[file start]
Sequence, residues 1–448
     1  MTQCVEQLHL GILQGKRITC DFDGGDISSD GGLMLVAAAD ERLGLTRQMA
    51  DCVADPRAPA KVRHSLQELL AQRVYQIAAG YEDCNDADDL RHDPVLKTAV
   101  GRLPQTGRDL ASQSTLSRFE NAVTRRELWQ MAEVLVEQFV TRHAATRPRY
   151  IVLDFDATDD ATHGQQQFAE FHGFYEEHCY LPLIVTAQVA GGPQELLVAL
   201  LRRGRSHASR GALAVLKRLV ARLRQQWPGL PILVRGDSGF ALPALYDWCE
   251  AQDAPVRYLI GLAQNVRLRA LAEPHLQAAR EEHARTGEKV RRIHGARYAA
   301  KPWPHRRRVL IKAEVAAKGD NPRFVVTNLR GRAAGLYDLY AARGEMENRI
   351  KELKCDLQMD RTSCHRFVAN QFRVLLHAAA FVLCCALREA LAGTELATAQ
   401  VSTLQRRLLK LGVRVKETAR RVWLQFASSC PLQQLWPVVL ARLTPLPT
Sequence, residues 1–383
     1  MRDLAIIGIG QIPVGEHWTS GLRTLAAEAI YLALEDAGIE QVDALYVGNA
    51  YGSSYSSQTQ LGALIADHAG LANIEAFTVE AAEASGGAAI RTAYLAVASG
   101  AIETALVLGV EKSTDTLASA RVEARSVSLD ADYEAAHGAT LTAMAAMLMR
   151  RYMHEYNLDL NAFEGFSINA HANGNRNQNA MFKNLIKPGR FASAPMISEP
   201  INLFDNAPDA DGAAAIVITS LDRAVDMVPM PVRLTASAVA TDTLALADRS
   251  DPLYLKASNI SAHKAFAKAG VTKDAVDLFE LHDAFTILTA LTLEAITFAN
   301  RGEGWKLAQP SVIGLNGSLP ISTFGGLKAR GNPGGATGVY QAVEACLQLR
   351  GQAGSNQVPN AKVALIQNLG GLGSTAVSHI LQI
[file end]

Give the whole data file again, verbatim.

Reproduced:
Sequence, residues 1–448
     1  MTQCVEQLHL GILQGKRITC DFDGGDISSD GGLMLVAAAD ERLGLTRQMA
    51  DCVADPRAPA KVRHSLQELL AQRVYQIAAG YEDCNDADDL RHDPVLKTAV
   101  GRLPQTGRDL ASQSTLSRFE NAVTRRELWQ MAEVLVEQFV TRHAATRPRY
   151  IVLDFDATDD ATHGQQQFAE FHGFYEEHCY LPLIVTAQVA GGPQELLVAL
   201  LRRGRSHASR GALAVLKRLV ARLRQQWPGL PILVRGDSGF ALPALYDWCE
   251  AQDAPVRYLI GLAQNVRLRA LAEPHLQAAR EEHARTGEKV RRIHGARYAA
   301  KPWPHRRRVL IKAEVAAKGD NPRFVVTNLR GRAAGLYDLY AARGEMENRI
   351  KELKCDLQMD RTSCHRFVAN QFRVLLHAAA FVLCCALREA LAGTELATAQ
   401  VSTLQRRLLK LGVRVKETAR RVWLQFASSC PLQQLWPVVL ARLTPLPT
Sequence, residues 1–383
     1  MRDLAIIGIG QIPVGEHWTS GLRTLAAEAI YLALEDAGIE QVDALYVGNA
    51  YGSSYSSQTQ LGALIADHAG LANIEAFTVE AAEASGGAAI RTAYLAVASG
   101  AIETALVLGV EKSTDTLASA RVEARSVSLD ADYEAAHGAT LTAMAAMLMR
   151  RYMHEYNLDL NAFEGFSINA HANGNRNQNA MFKNLIKPGR FASAPMISEP
   201  INLFDNAPDA DGAAAIVITS LDRAVDMVPM PVRLTASAVA TDTLALADRS
   251  DPLYLKASNI SAHKAFAKAG VTKDAVDLFE LHDAFTILTA LTLEAITFAN
   301  RGEGWKLAQP SVIGLNGSLP ISTFGGLKAR GNPGGATGVY QAVEACLQLR
   351  GQAGSNQVPN AKVALIQNLG GLGSTAVSHI LQI